House prices are expected to rise just 1 per cent on average this year and 2 per cent in 2020, the lowest median predictions since polling began for the two years, and well below the current 3.15 per cent rate of consumer price inflation.
A majority of respondents in the August 13-27 survey said risks to those already-modest predictions were skewed more to the downside.
That comes despite the Reserve Bank of India having slashed its repo rate by 110 basis points so far this year, to 5.40 per cent. It is also expected to cut it further to 5.15 per cent over the coming months to revive a slowing economy.
However, much of that easing has not reached borrowers as banking and non-banking financial companies (NBFCs) are still grappling with very large bad loans on their balance sheets, which has led to a liquidity crunch.
The government’s own assessment is that the lack of available credit is the worst in over 70 years.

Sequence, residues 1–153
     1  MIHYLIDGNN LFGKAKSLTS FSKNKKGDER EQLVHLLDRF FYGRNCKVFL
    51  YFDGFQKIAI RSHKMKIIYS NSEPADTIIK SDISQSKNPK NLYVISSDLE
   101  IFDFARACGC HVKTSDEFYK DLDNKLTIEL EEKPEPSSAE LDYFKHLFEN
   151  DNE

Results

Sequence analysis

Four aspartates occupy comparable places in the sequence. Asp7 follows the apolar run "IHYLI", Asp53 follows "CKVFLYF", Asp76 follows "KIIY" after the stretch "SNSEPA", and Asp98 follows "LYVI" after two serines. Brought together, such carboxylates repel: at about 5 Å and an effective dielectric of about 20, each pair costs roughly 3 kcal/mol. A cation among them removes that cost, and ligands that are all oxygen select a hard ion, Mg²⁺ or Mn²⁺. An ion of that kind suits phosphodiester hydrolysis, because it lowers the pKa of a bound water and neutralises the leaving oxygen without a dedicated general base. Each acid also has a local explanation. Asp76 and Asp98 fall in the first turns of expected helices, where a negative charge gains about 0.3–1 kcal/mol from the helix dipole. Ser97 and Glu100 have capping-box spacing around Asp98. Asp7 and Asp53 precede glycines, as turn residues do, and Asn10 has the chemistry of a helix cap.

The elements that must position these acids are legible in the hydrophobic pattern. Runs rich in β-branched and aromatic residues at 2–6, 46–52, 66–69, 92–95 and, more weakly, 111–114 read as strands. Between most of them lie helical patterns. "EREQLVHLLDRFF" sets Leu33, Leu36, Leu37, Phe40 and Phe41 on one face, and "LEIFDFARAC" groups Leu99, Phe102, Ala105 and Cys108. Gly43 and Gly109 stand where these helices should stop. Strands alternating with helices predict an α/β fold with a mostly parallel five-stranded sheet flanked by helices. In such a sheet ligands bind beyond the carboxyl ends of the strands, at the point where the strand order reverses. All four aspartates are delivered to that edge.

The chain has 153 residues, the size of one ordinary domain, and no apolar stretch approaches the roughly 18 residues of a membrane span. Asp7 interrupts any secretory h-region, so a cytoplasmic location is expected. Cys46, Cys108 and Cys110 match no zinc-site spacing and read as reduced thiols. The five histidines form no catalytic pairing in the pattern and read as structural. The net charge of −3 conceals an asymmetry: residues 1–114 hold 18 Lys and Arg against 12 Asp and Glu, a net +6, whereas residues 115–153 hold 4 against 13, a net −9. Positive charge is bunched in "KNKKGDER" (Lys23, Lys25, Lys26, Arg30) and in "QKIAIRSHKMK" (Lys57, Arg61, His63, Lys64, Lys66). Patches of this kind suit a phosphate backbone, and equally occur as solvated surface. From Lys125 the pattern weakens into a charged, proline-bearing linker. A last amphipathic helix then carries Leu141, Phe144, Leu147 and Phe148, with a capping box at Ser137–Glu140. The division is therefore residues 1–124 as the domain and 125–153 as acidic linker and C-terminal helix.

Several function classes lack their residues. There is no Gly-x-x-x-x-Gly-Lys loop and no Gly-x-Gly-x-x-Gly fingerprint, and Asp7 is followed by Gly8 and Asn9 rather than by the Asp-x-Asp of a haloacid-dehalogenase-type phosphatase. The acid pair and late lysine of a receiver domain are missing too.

“It is my expectation that we will continue to see more defaults over the next few years as developers are still facing liquidity issues due to slow sales and lack of refinancing options,” said Siddhart Goel, principal consultant and founder at ARAIS Consulting.
“Even the recent rate cuts will not have a positive impact on the situation as easing by the Reserve Bank of India (is) seldom passed on by the banks to the loan seekers and never in the same quantum.”
Indeed, nearly three-fourths of 18 analysts who answered an additional question said the RBI’s interest rate cuts this year would have no impact on the housing market. Five said it would be stimulative and none said very stimulative.
All 18 analysts who answered a separate question unanimously said the impact of the liquidity crunch would last for at least another six months and would either be severe or very severe.
A continued deceleration in housing activity will have serious repercussions for the overall economy as the real estate market provides jobs to large swathes of people migrating from rural areas to cities looking for employment.